Understanding aggression: How does it develop?
by Rachel Casey
Why is Your Dog Aggressive?
Aggression in dogs is often misunderstood. It’s difficult not to take it personally if your dog growls at you. And it’s upsetting if he or she barks at another dog. In the past, it was thought that dogs became aggressive because they were trying to be ‘dominant’ or achieve social status. But we now know that aggression has nothing to do with status. In fact, in almost every case of aggression the behaviour starts through fear. Just like us, dogs have three options to deal with a scary social situation: indicate that they want to avoid conflict (showing behaviours known as ‘appeasement signals’), avoid contact by withdrawing or hiding, or show aggression to get the other guy to move away. Dogs learn which strategy ‘ works’ to avoid the threat, and will be more likely to do the same the next time they are in the same situation.
This case example will help explain how an aggressive response may develop over time. Let's imaging a young Springer Spaniel bitch (let’s call her 'Ellie’) who is scared of fireworks. It is just after 5th November, and when she went out into the garden last thing yesterday night to go to the toilet, a firework went off further down the street. From this experience, Ellie has learnt that going into the garden when it is dark is pretty scary (but going out in the daytime is fine). She no longer wants to go out into the garden at night before her owners go to bed. But her owners particularly want her to go into the garden last thing, as otherwise she may mess in the kitchen overnight. They haven’t connected her reluctance to go out with the fireworks, and consider her new habit of trying to avoid going out rather irritating.
Understandably, from their point of view, they insist she goes outside, and grab her by the collar to guide her outside. For Ellie going outside in the dark is a life-threatening situation, and she wants to avoid this at all costs. Initially she might show appeasement behaviours to try and get out of conflict with her owners. But in this type of situation owners often ignore these. She might wriggle free and go and hide under the table, but her owners are also likely to go and get her out again. What she learns is that neither appeasement nor avoidance ‘work’ to escape the awfulness of having to go outside. So in a panic she tries her only other option: aggression. When dogs growl or snap for the first time owners are often very surprised or shocked and back away, even if only momentarily. If this happened a few times, Ellie would start to learn that in this situation, her best option to avoid what she is scared of is to growl at her beloved owners.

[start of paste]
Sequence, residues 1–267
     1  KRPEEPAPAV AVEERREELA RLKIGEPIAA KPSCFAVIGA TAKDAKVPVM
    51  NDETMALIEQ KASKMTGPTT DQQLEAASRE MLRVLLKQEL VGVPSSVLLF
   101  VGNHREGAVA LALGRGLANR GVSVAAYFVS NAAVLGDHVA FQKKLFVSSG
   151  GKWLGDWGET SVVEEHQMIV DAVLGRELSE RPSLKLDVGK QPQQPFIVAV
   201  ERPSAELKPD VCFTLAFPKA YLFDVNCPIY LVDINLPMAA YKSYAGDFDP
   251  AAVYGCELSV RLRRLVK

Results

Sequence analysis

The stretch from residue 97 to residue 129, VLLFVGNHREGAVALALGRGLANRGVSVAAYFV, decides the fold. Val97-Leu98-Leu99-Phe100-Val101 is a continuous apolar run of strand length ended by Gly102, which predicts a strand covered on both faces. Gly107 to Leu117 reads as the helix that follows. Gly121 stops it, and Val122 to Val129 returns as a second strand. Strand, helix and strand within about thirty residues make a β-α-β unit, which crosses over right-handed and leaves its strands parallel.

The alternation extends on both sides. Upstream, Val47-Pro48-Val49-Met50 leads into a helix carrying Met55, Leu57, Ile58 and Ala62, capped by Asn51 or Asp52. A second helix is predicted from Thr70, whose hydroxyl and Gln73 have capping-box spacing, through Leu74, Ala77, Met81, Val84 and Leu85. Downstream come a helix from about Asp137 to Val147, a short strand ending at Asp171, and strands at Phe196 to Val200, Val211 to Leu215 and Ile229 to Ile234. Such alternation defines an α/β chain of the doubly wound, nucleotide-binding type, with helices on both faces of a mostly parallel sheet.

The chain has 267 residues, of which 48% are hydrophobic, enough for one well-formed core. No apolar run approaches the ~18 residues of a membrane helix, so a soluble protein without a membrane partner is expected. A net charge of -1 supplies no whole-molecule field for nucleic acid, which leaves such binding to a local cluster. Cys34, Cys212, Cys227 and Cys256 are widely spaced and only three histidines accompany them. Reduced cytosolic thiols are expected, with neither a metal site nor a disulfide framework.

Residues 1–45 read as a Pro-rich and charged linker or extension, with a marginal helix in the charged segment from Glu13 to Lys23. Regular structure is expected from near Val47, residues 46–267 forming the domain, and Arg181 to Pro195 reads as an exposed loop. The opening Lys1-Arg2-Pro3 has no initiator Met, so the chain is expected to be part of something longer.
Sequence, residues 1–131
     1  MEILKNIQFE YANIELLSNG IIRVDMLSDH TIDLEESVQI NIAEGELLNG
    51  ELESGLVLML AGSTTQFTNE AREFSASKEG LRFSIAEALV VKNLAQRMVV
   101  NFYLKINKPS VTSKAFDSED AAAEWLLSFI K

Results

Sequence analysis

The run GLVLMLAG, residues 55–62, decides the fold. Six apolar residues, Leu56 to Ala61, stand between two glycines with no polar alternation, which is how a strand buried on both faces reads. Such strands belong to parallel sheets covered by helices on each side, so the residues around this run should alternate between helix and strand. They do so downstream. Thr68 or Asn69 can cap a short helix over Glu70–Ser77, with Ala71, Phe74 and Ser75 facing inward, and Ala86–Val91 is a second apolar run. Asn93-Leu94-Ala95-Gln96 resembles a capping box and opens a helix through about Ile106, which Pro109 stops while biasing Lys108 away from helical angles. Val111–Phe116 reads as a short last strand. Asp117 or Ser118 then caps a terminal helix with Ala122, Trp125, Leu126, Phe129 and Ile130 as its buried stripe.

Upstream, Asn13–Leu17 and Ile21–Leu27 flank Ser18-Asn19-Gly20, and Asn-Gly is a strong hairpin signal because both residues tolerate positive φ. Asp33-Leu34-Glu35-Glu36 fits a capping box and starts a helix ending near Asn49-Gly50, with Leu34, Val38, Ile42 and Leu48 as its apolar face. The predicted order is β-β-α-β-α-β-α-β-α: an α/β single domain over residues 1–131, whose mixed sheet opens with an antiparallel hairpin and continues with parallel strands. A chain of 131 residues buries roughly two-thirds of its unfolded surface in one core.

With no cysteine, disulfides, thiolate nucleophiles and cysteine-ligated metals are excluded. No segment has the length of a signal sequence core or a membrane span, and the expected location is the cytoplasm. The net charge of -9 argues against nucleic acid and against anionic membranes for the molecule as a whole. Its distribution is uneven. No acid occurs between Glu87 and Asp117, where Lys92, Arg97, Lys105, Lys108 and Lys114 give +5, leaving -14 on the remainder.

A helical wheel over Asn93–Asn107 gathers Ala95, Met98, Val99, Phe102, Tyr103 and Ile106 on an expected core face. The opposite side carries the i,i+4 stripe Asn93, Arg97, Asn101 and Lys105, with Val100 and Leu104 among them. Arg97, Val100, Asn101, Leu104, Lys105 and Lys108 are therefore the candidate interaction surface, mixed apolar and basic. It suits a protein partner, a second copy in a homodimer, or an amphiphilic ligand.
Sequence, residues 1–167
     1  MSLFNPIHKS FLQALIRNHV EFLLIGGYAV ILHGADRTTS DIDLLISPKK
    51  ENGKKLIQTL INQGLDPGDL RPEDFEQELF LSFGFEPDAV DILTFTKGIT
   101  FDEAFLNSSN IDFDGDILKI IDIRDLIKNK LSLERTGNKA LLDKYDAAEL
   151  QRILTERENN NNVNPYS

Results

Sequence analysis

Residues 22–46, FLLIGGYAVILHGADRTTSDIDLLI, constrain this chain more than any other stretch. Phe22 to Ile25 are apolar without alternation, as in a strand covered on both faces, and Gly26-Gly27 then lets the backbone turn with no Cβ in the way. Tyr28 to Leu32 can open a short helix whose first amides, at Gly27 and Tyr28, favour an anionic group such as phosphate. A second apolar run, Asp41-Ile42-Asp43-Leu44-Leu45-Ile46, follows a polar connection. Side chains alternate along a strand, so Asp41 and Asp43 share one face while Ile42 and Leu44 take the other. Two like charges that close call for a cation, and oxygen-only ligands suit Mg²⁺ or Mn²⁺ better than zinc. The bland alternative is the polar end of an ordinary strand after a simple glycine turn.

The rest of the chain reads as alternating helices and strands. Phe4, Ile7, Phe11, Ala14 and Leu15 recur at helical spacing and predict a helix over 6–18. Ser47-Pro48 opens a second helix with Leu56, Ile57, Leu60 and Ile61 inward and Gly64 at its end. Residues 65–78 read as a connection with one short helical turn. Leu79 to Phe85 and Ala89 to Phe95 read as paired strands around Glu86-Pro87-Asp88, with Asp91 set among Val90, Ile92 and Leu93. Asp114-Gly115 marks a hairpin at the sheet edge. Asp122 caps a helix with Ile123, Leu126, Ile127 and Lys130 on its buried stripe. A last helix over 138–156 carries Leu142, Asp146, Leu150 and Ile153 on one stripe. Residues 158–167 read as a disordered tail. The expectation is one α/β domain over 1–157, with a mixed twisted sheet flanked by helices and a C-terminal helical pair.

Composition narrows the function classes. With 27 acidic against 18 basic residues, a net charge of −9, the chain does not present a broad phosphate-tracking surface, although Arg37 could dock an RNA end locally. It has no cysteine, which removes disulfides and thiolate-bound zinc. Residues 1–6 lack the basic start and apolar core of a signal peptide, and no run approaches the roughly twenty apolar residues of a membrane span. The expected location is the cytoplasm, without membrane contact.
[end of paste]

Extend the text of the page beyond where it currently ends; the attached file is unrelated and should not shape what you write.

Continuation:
Over repeated occasions, an aggressive response like this becomes more and more well established. Dogs like Ellie will gradually learn the specific events that predict the threat (e.g. an owner’s hand reaching for their collar) and will often start to become aggressive more rapidly on identifying these cues. They will also become more confident that aggression is likely to ‘work’ in this situation, progressively appearing less fearful and instead have a ‘confident’ body posture.
As the behaviour develops, it can look very confident or 'offensive'. However, if we remember how the behaviour started, it is clearly a defensive response to a perceived threat which the dog has developed into a (very effective) way of avoiding something they find scary. Once this type of avoidance response is well established, the dog will have a strong expectation that it will be successful, and trying to interrupt it can be very dangerous.
The earlier a problem is identified and good advice provided, the easier it is to resolve - so it's vital to seek specialist help as soon as a problem occurs.